Opera's video about Lucid Mode is nowhere close to the real deal, but the feature is fun to use, though it's quite flawed. It won't magically remaster blurry videos to 1080p quality, but it might make them look slightly better. That's the thing, it's a gamble really, sometimes it looks better, sometimes it makes it worse. This depends on the original quality of the video, its compression, etc. I think Lucid Mode shouldn't be a toggle, it needs more controls, so users can choose the level of sharpness, and other details to fine tune the image.
Don't let me dissuade you from trying it, Lucid mode works on YouTube, Facebook, TikTok, Instagram, and more. Try it for yourself. Download Opera browser 93.0.4585.70 for Windows, Linux and macOS from the official website. The company has finally managed to include the zero-day security fixes for issues (CVE-2022-4262) that were reported nearly 2 weeks ago.
What do you think about Lucid Mode?
I usually use MPV to watch Youtube video, it has some very nice shaders to improve low quality video like Anime4K for animes and FSRCNNX for normal movies. That’s good enough for me to sometimes enjoy high quality videos, despite having bulleyes.
I tried Lucid just now, it’s far from ready for general usage.
I tried it on the video Me at the Zoo and the difference it makes the image slightly more saturated and more pixelated rather than sharper.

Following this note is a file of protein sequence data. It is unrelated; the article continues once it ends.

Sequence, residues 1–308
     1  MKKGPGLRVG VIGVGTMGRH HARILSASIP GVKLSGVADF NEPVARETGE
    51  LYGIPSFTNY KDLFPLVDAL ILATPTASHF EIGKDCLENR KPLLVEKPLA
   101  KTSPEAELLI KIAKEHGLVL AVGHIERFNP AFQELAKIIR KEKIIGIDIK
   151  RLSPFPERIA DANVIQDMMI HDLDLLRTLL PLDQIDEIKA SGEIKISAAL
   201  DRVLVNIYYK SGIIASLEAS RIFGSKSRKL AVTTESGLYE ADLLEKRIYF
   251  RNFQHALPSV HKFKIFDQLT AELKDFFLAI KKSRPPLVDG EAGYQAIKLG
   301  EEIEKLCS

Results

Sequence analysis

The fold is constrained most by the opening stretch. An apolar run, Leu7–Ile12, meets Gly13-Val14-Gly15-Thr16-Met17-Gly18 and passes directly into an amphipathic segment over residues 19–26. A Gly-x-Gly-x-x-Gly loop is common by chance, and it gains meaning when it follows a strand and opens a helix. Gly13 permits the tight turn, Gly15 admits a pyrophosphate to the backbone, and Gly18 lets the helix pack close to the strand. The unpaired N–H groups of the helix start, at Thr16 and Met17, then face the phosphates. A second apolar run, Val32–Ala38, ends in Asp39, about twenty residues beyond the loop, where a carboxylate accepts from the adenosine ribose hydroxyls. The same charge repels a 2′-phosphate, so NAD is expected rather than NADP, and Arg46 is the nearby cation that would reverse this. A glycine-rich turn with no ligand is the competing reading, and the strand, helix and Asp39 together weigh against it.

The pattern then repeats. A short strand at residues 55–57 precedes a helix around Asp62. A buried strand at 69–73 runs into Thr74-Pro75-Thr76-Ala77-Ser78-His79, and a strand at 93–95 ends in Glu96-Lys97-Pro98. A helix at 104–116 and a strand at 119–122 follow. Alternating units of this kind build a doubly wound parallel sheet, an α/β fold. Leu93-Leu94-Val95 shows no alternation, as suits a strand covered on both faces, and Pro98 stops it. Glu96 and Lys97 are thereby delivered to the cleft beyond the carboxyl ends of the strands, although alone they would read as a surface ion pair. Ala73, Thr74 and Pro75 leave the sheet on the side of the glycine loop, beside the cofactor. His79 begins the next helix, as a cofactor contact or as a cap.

Same goes for images, it has something like “edge detection” that makes the images just worse. It’s like some 7 year old kid discovered Photoshop filters and went ballistic with them.
For now I will keep these off and wait for it to improve.
Ha ha. Yes, it is making videos rather colorful and tries to smoothen them, but ends up with jagged lines and pixels. It’s okayish for some videos, but for the most part it makes them hard to see.
The image smoothing is woeful as you say, I tried it on some screenshots here at the blog, and they were practically unusable.
Don’t let Iron Heart know you are using Chinese Opera, he will disown you.
Thanks @Ashwin for this useful article. AMD drivers also has video enhancements like this. :]
You already have the ability to set video sharpening system wide using the video drivers.
Opera, a browser no longer used for good reason is trying out a redundant feature.
I am sure the 12 people who use the new Opera and the 4 of those who can’t find the control panel
will find this article fascinating.
Sad how Opera lost the plot and is just adding gimmicks now.
Vivaldi is the new Opera, but Vivaldi is also full of gimmicks and rarely useful things, also very bloated.
Presto Opera wasn’t better either – they also kept adding useless things that nobody cared about, that’s why Opera never had more than 2% market share and still doesn’t. Back in those days Firefox was the king and Opera was a joke, it always was.
I only use it, because it feels faster than other Chromium alternatives, which feel like they are becoming slower after a few months of use, even on an SSD. That’s the only reason why I use Opera – because it’s fast and lightweight.
Opera today doesn’t have anything other than speed going for it. Even if they streamline and clean all the bloatware crap from it, people will still choose other browsers over it. But Opera 14 when it switched to Blink was really good for a few versions, it was clean and fast and did not have useless clutter, they added that later, but somehow surprisingly kept the browser lightning fast.